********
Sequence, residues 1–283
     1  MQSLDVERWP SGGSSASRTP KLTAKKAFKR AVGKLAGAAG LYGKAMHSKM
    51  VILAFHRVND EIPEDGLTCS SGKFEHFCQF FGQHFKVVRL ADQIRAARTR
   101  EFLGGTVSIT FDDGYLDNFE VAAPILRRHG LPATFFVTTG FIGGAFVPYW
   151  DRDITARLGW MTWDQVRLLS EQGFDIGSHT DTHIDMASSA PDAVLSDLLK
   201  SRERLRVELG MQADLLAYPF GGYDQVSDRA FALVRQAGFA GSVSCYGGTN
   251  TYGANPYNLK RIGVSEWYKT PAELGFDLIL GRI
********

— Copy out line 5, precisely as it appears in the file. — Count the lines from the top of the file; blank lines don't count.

   151  DRDITARLGW MTWDQVRLLS EQGFDIGSHT DTHIDMASSA PDAVLSDLLK